Same with high speed always on internet. That has nothing to do with it, you can do it with dial-up as well. Again that is better for sure, but not required. Lots of rural US North America do not have broadband internet and I imagine Canada as well.
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#7 danialmoore0302

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Posted 24 February 2012 - 04:33 AM

"my friend really wants to get into web design"

If they really mean that, you should consider the point made by Awestruck, perhaps take that further.

Dreamweaver was and still is a popular tool but like all the rest is only truly beneficial when you understand what it does and how to modify that when required.

Also worth noting that in many places the rate of using that type of tool is falling. Plenty of good developers just use something like notepad2, very free, very simple. Even if the site is going to end up pinned to a chosen CMS, this is still the way development often starts.

If you are just building a site or two for personal use, good luck with whatever you choose but to move beyond that, learn the basics of (X)HTML/CSS first, to the point where you could put together a reasonable static site from scratch.

There are plenty of free templates to play with, plus many other ideas for galleries, forms, whatever. Neither does this bar you from throwing a copy of certain pages up in one of the many free visual editors if you feel so inclined and want to see whilst you play around.

The key is to be in control, rather than the software in control of you and the learning curve is not as bad as many think.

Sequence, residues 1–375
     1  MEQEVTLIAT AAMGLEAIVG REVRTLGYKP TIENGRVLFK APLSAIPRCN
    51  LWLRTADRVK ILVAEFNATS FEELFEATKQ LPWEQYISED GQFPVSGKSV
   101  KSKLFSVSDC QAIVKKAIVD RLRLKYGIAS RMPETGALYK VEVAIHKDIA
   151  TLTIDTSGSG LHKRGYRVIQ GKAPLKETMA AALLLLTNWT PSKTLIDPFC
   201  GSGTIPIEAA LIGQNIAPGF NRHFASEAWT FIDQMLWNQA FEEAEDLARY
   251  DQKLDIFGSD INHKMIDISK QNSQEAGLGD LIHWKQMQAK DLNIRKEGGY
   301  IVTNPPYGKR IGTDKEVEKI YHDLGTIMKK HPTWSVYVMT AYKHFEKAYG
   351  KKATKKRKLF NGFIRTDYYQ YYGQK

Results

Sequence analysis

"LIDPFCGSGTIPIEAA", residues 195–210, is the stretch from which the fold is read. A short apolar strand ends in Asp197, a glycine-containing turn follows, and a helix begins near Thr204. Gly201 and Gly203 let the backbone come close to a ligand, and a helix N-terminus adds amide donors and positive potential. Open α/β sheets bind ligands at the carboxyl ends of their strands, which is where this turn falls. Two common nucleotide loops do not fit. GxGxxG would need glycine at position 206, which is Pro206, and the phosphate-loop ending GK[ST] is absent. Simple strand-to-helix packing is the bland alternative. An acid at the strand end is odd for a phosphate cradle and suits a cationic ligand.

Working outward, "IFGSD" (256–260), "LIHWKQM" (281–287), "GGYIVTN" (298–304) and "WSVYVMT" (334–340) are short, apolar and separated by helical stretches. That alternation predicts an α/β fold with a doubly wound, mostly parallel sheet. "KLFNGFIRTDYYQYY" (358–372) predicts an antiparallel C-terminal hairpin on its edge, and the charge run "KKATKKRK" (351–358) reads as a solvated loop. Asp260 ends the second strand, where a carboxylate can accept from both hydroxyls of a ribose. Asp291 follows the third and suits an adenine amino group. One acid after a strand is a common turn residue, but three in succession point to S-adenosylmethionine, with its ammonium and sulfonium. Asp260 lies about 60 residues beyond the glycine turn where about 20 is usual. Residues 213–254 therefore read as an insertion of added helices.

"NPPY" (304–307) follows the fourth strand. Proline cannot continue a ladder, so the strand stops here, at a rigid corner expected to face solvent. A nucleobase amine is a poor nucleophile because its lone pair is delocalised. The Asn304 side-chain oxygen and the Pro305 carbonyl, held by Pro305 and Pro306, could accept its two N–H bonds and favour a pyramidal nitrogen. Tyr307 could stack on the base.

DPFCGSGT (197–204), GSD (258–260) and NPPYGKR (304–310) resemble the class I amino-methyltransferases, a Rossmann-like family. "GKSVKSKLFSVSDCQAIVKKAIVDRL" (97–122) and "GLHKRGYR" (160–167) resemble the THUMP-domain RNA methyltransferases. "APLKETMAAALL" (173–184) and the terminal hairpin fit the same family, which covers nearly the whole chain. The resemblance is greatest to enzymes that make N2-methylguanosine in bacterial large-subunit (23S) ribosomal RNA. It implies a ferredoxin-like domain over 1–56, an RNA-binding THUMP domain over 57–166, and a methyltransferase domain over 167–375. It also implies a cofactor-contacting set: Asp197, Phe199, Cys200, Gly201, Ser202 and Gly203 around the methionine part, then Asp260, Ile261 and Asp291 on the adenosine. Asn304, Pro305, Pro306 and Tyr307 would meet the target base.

Edited by Andrea, 24 February 2012 - 06:23 AM.
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#8 jovyOfWOG

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Posted 24 February 2012 - 05:07 AM

Dreamweaver was and still is a popular tool but like all the rest is only truly beneficial when you understand what it does and how to modify that when required.

Also worth noting that in many places the rate of using that type of tool is falling. Plenty of good developers just use something like notepad2, very free, very simple. Even if the site is going to end up pinned to a chosen CMS, this is still the way development often starts.

If you are just building a site or two for personal use, good luck with whatever you choose but to move beyond that, learn the basics of (X)HTML/CSS first, to the point where you could put together a reasonable static site from scratch.



I totally agree with this. I use notepad++ because it gives me more flexibility. I like the idea of being able to control everything about the codes I have. Actually, Dreamweaver is not recommended I think for beginners because they will not be able to grasp the codes beyond those "codes". Better to learn (x)HTML AND CSS. It will take you a long way in designing.

There's a bunch of tutorials here, start reading. Goodluck! :)
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#9 Andrea

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Posted 24 February 2012 - 06:32 AM

Actually, Dreamweaver is not recommended I think for beginners because they will not be able to grasp the codes beyond those "codes".


I don't think that this statement is true - Dreamweaver does have a 'code' feature.